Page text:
It's quite perplexing that Ambassador Han would invoke the Asian financial crisis as a reason to throw all the chains off financial markets. Sure, the Korean Ambassador to the United States can do a lot, but he can't rewrite history. Financial deregulation was the major cause of the 1997 Asian financial crisis and efforts to further open financial markets during the crisis actually deepened its severity.

As Mark Weisbrot of the Center for Economic and Policy Research has pointed out, the Asian financial crisis developed because of excessive short-term international borrowing among East Asian nations. What was the cause of the excessive debt?

This build-up of short-term international borrowing was a result of the financial liberalization that took place in the years preceding the crisis. In South Korea, for example, this included the removal of a number of restrictions on foreign ownership of domestic stocks and bonds, residents' ownership of foreign assets, and overseas borrowing by domestic financial and non-financial institutions. Korea's foreign debt nearly tripled from $44 billion in 1993 to $120 billion in September 1997.

Indeed, countries that bucked the International Monetary Fund (IMF) prescriptions of greater financial liberalization, such as Malaysia, did better than countries like South Korea that had shed their financial regulations and capital controls. A paper on the Asian financial crisis published by the National Bureau of Economic Research compared the IMF strategy of complete openness to foreign investment and floating exchange rates against Malaysia's strategy of imposing capital controls to combat the crisis. The study concluded that "Compared to IMF programs, we find that the Malaysian policies produced faster economic recovery, smaller declines in employment and real wages, and more rapid turnaround in the stock market."

More than ten years after the Asian financial crisis, even the IMF has come to its senses and reversed its position on capital controls.  As we document in our memo on the Korea FTA's harmful foreign investor and financial deregulation provisions, the Korea FTA bans key measure that governments have at their disposal to prevent and combat financial crises, including capital controls. Far from a prescription for stable growth as Ambassador Han claims, enactment of the Korea FTA will leave both Korea and the United States vulnerable to future financial crises.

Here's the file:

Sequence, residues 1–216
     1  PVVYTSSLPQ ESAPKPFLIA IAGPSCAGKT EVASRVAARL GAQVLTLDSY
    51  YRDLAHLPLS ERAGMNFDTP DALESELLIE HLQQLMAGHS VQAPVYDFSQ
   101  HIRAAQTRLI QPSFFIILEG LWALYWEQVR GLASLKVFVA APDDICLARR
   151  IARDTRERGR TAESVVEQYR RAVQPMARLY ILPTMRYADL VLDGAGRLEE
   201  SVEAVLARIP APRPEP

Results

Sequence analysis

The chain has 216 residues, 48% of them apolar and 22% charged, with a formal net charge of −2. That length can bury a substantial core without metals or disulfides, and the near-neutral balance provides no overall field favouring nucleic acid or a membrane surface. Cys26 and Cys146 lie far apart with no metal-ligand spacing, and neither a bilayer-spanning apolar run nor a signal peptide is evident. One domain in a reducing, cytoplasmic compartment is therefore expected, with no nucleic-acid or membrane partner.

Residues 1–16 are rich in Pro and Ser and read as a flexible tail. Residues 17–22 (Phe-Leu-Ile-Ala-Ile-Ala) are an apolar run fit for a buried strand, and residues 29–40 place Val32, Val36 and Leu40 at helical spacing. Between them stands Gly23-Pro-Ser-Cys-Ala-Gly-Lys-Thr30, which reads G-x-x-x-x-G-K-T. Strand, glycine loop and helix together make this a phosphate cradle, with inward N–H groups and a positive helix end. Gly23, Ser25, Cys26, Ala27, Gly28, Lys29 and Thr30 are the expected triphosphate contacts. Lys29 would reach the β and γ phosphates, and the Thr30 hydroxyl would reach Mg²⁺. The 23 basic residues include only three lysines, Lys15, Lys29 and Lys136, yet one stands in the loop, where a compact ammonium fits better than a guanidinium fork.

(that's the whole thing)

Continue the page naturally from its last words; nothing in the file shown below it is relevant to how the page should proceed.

July 15, 2010

WTO Doha Round: Cranking up the Deficit

Hufbauer-schott-wong5034 The pro-WTO Peterson Institute for International Economics (IIE) recently published a new study projecting the effects of implementing the WTO Doha Round tariff cuts that are currently “on the table”, i.e. cuts that are in the “negotiating modalities drafted by the chairs of the Doha Round negotiating groups.”

The study finds that these tariff cuts that are on the table will lead to an increase in the annual U.S. trade deficit by $6.6 billion. The authors also test a scenario in which customs reform and liberalization in services, chemicals, electronics, and “environmental goods” are added to the “on the table” tariff cuts, which is supposed to make the Doha package more attractive to the United States. However, the authors estimate that adding in these additional sectors will still make the U.S. trade deficit rise by $6.5 billion.

Nowhere does the study indicate that this significant increase in the deficit may be a problem, though. This is partly because the authors use an overly simplistic method to estimate the GDP gains that are supposed to accrue because of the Doha Round. All they do is sum the increased imports to and exports from a country and then multiply that sum by 0.46, which is supposed to yield the “GDP gains” that the trade generates for that country (see footnote 5 here where they explain this questionable procedure). They treat imports and exports indiscriminately, so U.S. GDP is supposed to gain substantially even though the deficit rises higher. Under their methodology, U.S. exports could stay constant or even decline under the Doha proposal and U.S. GDP would increase significantly as long as imports increased substantially. It’s pretty surprising that this massive 200-page study would use such a simple method that glosses over the crucial difference between rises in exports and imports – we should expect something more sophisticated.

This calculation method is strange given how national statistical agencies calculate GDP. GDP equals all spending by consumers, businesses, and the government, plus exports, minus imports. The authors’ GDP growth calculation procedure strangely treats imports and exports as if they have the same effect on GDP.

IIE’s decision to gloss over the impact of a rising deficit is especially irresponsible at a time when the U.S. trade deficit is skyrocketing. Trade flow data for May was released Tuesday and it wasn’t pretty. The deficit increased by 5 percent even though the price of imported oil fell. The rise was so significant that some financial services firms revised their second quarter GDP growth projections downward, according to Reuters: